Do you consider yourself a “do-it-yourselfer?”
There’s an interesting phenomenon that researchers call the “IKEA effect.” A study showed that people experience greater satisfaction with projects they do themselves, even if of lesser quality, than with projects they pay others to do. Now I totally get this! The work I put into cutting down trees, or weed eating, painting a room, or making repairs is truly satisfying, especially when someone notices! Now it’s no surprise for stewards! They know that saving money by completing projects themselves is a win-win. Sometimes professionals are needed, but with YouTube tutorials, a lot can be done ourselves while saving money in the process. My wife learned how to replace the heating element on our oven, and for $13, that appliance is still working for us. I’ve worked on chain saws, cars, lawnmowers, plumbing issues, and plenty more. Learning new skills builds confidence and reduces the need to pay for work that you can do for yourself.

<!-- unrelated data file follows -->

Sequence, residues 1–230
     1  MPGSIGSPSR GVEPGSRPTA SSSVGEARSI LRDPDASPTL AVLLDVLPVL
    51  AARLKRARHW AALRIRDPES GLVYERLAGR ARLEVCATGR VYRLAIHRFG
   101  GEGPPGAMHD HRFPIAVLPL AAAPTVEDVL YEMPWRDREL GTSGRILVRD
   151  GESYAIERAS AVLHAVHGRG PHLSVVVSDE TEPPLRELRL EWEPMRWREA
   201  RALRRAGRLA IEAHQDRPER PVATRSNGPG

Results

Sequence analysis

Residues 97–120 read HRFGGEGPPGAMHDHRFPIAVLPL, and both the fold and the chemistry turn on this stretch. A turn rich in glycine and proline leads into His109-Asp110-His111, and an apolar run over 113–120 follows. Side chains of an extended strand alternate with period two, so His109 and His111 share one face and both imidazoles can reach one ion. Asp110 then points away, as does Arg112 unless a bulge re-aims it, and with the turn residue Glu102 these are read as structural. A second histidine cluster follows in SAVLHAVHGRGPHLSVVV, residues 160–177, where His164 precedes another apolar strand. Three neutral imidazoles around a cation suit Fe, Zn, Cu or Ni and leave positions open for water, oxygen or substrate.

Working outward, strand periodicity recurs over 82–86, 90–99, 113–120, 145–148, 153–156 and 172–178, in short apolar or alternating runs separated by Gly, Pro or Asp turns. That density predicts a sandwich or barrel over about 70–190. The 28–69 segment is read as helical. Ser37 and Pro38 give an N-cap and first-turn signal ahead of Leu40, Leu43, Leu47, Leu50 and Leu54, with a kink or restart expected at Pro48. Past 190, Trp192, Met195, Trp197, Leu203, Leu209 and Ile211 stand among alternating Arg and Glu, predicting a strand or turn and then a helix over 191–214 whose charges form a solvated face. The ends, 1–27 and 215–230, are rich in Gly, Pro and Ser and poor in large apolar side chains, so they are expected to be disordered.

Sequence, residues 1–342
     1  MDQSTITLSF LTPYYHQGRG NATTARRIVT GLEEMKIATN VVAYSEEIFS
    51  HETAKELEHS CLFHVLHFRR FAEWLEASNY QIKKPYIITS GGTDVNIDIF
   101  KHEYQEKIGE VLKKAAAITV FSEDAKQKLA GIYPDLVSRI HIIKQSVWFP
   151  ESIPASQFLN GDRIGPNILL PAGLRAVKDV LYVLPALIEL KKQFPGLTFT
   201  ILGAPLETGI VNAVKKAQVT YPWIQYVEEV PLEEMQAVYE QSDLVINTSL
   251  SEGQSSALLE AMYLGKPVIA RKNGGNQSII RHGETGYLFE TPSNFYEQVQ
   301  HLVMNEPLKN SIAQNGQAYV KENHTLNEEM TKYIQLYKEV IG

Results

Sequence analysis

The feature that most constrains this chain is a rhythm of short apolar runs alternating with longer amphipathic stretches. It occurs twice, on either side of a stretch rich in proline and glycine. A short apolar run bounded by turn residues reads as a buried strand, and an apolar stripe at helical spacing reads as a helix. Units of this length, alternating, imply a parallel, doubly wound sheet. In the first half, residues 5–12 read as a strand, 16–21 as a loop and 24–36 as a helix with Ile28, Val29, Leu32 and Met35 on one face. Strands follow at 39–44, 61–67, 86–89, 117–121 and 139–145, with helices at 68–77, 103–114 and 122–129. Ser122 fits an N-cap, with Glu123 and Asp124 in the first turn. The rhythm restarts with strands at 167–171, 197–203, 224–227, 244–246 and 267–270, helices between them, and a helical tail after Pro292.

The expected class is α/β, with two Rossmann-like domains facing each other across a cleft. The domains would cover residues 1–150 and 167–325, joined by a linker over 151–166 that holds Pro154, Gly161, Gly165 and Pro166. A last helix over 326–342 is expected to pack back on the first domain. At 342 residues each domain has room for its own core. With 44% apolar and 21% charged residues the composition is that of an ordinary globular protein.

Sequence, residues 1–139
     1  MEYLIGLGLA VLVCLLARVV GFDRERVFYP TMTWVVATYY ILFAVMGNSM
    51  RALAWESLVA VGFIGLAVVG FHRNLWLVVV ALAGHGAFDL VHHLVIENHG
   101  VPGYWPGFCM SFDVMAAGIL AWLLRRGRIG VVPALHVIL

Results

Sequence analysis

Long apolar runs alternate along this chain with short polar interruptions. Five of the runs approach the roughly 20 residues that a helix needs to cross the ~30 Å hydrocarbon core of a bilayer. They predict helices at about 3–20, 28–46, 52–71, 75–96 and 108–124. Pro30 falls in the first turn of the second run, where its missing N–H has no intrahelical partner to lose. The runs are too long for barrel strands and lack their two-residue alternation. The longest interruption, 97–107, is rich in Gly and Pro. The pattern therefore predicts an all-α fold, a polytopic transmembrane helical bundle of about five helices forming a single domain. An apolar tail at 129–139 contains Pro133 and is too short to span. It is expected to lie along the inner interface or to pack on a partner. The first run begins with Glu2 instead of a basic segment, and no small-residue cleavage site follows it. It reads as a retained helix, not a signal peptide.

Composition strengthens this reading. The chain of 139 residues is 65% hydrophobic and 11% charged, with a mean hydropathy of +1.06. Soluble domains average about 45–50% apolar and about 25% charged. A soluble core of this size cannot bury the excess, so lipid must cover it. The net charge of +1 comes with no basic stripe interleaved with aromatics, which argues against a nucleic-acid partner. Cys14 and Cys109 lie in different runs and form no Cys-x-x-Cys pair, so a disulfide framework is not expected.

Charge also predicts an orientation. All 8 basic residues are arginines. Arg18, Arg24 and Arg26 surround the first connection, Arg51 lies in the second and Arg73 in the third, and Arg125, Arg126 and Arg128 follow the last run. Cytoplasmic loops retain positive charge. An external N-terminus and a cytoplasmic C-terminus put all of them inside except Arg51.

Making repairs eliminates the need to replace items and saves money. It’s environmentally savvy as well by reducing your footprint at the local landfill. A few household tools collected over time can help with home and car repairs. Also, update your First Aid Kit. Some liquid band-aid recently prevented a run to the emergency room when one of our sons got a slight head injury! Just because products or specialists are available doesn’t mean you need them. Make do with what you have and increase your net worth in the process!
In my new book, Seven Gray Swans I describe potentially significant events that could happen. A gray swan is an obvious danger that we tend to ignore. My goal is to show you how to prepare for and survive these economic threats. The ebook is available now at Amazon.com.